Not being a very material man, the spread of mall among the Egyptian middle classes is one unfortunate side effect of this increasing wealth. Another far more troubling aspect is the growing economic disparity between the haves and have-nots in this neo-liberalist wet dream.

I cannot help but wonder how much longer the largely passive and peaceable Egyptian poor will put up with their worsening lot before the pressure cooker explodes. With the wave of industrial action overtaking the country, it looks like Egyptian workers are beginning to take matters into their own hands.

Another worrying development is how the wealthier classes are increasingly abandoning the urban disaster area of the capital and moving out in droves to exclusive gated communities outside the city. Cairo's legendary safety and lack of violence is based partly on the fact that rich and poor live shoulder to shoulder.

Where Egypt will be a few years from now is anyone's guess, especially once the country's ageing and increasingly unpopular president finally dies. One thing is for certain, interesting times lie ahead.

While the ostensible signs would point towards spreading religiosity in Egypt, these could be misleading. Until the mid-1970s, Egypt's trendsetters were the liberal and progressive elite, and so even the religious would strive to project a secular image. Today, the tone is increasingly being set by conservative Islamic groups, and so even those who are not particularly religious are superficially following the trend. Outward displays of religion enable people to go about their lives under society's radar and get away with some very un-Islamic things.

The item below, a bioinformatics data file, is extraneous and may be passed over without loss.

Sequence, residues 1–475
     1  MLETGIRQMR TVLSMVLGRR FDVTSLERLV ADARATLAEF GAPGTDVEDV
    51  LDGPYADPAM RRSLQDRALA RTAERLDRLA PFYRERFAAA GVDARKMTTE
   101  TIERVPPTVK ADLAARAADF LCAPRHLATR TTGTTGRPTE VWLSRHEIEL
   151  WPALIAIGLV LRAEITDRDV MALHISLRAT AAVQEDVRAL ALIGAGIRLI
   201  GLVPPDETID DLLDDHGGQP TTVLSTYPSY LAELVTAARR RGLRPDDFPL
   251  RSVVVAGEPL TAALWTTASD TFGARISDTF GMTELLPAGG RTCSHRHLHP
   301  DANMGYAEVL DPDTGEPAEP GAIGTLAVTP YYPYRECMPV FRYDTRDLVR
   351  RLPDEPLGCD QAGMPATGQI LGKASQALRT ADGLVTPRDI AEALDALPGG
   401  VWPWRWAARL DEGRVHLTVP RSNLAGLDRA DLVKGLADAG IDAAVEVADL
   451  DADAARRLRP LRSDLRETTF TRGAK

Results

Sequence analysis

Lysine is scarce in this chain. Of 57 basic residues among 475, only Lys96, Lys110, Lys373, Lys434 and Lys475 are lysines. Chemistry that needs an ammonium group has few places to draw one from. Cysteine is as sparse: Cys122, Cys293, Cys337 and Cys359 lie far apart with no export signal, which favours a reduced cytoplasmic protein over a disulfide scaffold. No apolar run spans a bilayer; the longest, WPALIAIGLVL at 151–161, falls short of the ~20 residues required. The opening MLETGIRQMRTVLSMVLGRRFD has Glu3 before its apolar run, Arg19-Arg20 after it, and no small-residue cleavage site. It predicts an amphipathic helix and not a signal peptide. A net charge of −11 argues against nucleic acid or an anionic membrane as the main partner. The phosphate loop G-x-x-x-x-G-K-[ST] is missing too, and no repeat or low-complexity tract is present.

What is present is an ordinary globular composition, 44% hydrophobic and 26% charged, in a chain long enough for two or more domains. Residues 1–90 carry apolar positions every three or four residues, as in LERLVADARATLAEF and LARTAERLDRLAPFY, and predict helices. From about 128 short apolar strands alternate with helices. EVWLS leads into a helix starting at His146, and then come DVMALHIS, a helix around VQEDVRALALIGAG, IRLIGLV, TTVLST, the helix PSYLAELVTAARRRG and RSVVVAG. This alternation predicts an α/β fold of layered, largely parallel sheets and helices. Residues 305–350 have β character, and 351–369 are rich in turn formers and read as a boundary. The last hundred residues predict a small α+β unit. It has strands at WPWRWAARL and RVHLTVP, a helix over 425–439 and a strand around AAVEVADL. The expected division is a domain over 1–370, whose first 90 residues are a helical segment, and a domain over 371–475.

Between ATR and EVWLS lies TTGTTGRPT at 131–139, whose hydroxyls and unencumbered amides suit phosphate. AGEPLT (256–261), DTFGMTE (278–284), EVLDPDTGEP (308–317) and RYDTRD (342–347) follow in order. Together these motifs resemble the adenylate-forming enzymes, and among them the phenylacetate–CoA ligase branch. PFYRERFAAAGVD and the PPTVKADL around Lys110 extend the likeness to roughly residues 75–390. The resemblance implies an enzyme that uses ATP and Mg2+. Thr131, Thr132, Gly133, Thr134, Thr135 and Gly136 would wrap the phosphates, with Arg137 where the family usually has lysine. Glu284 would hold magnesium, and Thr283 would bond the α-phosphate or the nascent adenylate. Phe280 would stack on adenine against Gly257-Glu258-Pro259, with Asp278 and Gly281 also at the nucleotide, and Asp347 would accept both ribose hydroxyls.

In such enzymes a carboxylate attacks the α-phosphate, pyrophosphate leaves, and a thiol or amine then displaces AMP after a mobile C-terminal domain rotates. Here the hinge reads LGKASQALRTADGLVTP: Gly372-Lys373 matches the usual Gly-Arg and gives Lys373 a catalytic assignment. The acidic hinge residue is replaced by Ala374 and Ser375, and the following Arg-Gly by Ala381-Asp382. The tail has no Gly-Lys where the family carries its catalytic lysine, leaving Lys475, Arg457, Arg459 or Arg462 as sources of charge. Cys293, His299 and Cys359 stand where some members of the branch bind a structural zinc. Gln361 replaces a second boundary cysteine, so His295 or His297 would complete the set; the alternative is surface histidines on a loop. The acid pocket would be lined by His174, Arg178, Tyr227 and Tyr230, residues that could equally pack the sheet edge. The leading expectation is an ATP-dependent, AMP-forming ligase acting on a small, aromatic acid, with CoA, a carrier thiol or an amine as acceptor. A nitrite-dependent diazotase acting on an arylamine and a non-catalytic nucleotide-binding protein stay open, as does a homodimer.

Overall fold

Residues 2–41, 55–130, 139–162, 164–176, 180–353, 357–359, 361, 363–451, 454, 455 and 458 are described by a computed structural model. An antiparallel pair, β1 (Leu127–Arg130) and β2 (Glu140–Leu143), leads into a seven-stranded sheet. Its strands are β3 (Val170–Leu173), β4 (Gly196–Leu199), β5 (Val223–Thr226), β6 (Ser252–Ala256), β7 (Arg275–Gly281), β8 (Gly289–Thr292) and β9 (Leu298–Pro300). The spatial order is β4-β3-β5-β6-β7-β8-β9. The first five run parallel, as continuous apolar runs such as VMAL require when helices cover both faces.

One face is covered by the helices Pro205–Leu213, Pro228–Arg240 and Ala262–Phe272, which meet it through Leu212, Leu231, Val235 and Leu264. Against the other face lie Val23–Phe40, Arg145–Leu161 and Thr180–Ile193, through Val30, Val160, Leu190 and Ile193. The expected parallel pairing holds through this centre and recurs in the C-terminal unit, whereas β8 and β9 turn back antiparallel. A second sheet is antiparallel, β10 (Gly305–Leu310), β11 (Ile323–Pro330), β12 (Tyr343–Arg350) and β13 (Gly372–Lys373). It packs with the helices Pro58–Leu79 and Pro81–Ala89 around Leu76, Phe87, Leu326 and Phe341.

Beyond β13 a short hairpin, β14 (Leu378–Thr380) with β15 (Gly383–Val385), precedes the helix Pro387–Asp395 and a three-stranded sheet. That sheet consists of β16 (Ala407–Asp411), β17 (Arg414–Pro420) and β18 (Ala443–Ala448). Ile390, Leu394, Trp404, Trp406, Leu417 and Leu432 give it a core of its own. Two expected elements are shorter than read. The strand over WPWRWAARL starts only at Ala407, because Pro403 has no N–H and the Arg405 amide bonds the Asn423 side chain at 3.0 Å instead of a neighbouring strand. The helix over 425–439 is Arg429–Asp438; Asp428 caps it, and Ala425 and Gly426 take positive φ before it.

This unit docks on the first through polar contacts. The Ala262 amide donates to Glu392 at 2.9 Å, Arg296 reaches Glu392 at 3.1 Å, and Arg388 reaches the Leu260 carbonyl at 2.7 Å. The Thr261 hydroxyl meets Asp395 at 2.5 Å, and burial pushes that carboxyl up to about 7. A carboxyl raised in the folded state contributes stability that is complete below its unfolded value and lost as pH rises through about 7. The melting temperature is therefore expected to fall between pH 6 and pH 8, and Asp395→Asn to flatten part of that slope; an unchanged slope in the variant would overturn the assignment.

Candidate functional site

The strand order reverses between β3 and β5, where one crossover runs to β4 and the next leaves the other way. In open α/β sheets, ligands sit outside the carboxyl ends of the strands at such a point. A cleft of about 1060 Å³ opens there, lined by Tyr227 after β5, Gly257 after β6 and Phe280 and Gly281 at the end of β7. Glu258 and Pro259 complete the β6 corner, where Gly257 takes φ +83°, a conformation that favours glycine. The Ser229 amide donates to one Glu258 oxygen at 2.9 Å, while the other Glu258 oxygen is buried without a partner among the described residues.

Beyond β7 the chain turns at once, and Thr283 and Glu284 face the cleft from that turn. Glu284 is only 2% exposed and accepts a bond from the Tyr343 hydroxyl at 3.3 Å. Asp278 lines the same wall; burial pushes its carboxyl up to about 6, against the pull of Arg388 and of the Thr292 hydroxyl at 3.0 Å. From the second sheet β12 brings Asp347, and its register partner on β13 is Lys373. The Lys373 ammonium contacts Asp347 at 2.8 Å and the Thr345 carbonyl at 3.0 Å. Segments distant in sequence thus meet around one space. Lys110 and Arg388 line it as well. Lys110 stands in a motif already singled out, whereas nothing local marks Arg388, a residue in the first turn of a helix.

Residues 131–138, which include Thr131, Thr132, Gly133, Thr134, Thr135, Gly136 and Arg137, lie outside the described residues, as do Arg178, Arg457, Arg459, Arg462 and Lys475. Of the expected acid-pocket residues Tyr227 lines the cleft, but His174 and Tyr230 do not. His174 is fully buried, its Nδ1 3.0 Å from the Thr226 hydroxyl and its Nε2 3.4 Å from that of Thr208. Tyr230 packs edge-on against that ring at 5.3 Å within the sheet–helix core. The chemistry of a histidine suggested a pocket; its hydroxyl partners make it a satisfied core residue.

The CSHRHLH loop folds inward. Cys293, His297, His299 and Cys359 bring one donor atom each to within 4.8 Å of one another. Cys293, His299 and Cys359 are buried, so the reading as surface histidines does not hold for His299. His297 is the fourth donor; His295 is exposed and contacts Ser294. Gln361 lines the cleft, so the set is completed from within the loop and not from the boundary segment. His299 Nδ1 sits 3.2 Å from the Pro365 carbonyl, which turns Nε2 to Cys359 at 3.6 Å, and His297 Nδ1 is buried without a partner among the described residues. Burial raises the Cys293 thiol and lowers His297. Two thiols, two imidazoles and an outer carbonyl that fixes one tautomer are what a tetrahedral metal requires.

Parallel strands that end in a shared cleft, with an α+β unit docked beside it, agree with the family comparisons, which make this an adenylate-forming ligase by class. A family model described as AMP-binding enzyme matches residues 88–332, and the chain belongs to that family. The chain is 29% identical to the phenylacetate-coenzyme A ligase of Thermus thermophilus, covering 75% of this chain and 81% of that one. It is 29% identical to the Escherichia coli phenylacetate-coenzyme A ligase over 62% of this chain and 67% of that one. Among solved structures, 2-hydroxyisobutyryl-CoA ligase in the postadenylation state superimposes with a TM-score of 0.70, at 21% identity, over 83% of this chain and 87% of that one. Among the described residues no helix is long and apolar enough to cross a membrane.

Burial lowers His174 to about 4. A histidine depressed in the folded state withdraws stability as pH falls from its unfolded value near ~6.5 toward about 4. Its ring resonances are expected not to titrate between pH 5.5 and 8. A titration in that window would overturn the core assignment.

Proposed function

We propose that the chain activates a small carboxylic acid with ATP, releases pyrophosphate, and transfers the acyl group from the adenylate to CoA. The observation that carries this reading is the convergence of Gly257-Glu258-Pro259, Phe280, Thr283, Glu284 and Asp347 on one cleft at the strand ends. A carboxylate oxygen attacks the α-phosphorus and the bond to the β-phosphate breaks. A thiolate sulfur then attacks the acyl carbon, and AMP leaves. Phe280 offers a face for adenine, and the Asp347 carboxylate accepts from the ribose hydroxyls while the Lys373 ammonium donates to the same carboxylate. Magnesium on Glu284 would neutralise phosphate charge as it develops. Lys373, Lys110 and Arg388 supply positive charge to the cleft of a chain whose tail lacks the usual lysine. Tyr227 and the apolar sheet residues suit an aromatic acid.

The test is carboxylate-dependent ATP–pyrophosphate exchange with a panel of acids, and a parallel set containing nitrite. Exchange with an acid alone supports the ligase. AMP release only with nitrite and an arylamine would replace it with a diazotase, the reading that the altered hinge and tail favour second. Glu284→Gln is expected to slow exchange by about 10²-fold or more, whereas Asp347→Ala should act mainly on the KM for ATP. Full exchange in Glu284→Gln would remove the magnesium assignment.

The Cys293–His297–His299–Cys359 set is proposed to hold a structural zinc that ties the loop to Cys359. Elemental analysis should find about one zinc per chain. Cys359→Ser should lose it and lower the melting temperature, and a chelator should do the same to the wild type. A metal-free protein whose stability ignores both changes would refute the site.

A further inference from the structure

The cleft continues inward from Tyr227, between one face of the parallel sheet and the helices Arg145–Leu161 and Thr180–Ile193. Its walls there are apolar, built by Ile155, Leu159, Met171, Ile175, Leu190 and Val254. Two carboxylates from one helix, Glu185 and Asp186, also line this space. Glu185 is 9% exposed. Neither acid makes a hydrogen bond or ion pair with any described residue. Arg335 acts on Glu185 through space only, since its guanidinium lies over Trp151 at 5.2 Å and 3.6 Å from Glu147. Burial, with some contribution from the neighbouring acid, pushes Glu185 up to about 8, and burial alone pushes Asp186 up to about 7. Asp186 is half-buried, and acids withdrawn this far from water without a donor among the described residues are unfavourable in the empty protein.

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On a personal level, I may get the impression Egypt is growing more Islamic for several reasons. Although I have nothing against people of faith, I dream of an Egypt in which religion is a private affair. I live in a secular society () and most of the people I know are not religious. And when I lived in Egypt, the liberal and permissive subculture I belonged to insulated me somewhat from the full force of the conservative tide.

What seems pretty certain is that Egypt has become more polarised, with the chasm between the secular minority, the conservative mainstream and the radical Islamic fringe having widened to unprecedented levels. However, signs are that the country has reached a turning point, as the Islamic movement fails to deliver the promised land its supporters had expected, and, judging by what I've heard from some people I've met, we may soon start seeing more and more people drift away from religion.

Aside from the metaphysical, Egypt has been overtaken by massive socioeconomic changes over the past few years. The booming economy, with one of the fastest growth rates in the world, has generated a lot of wealth, which has given the country a new sheen of modernity, prosperity and a growing sense of confidence.

One uncle who had never talked to me about religion decided to break his silence and advised me to come to terms with my faith and suggested that it was best for me to start moving closer to God, because faith and ritual was the only sure-fire way to overcome the doubts plaguing my conscience.

Despite his good intentions, this circular logic struck me as being incredibly paradoxical. How can my doubting mind take a massive leap of faith without being presented with convincing evidence of why it should believe? After all, I have tried at different periods of my life to follow some of the rituals, such as fasting Ramadan, but the questions only multiplied.

The goodbye presents I received from my uncle and two of my aunts at the end of the Ramadan trip were not-so-subtle hints of their wishes for me: the CDs and tapes of the superstar telepreacher Amr Khaled and a book entitled The Muslim's Creed, all of which have been collecting dust ever since.